As a director, I seek to serve the writing without holding it above all the other elements of theatre. I believe the greatest disservice a director can do to a writer is to deify their work and create a production that seems only to bow to the words, rather than elevate them.

Why do you think theatre is necessary in our world? And why do you want to work in theatre?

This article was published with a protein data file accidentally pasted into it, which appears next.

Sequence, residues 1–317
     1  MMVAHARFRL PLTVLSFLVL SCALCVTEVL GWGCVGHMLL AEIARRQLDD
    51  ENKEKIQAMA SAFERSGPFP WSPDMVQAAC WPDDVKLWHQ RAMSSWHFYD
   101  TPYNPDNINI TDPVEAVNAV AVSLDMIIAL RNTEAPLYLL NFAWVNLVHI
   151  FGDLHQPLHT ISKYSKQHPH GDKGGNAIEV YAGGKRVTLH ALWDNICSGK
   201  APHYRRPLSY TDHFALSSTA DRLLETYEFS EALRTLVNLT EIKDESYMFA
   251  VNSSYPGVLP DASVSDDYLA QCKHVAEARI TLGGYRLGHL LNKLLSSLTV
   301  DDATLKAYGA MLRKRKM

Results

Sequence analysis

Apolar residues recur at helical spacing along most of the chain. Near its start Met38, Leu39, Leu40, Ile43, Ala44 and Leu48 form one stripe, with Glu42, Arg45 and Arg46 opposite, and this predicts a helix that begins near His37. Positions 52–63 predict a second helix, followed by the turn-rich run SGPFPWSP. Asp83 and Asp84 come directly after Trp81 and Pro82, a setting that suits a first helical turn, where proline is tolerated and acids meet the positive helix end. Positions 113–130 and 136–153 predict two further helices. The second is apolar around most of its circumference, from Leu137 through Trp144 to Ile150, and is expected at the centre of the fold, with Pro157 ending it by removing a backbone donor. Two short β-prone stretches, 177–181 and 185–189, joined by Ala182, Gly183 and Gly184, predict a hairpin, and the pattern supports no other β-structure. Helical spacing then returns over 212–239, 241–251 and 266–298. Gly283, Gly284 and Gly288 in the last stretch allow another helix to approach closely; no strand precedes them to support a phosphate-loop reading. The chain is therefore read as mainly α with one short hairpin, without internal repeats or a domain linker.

Viktor Shklovski said that art exists “that one may recover the sensation of life; it exists to make one feel things, to make the stone stony”. I think of this a lot. I think about the power of art to re-awaken our innate wonder and to revitalise our understanding of the world around us. I believe this to be particularly true of theatre, which is built on a live exchange between artists and audience, making it perhaps the most human and immediate of art forms. People enter a space and give us permission to try and transform them. This never ceases to amaze and humble me. With the rise of technological connectivity, I believe that theatre has only become more sacred: it is one of the few places left where people disconnect from the virtual world and instead experience something immediate as a living, breathing community. I love also that theatre is an art form that comes with so much history and learnt expectations, which can be either met or manipulated to serve a message.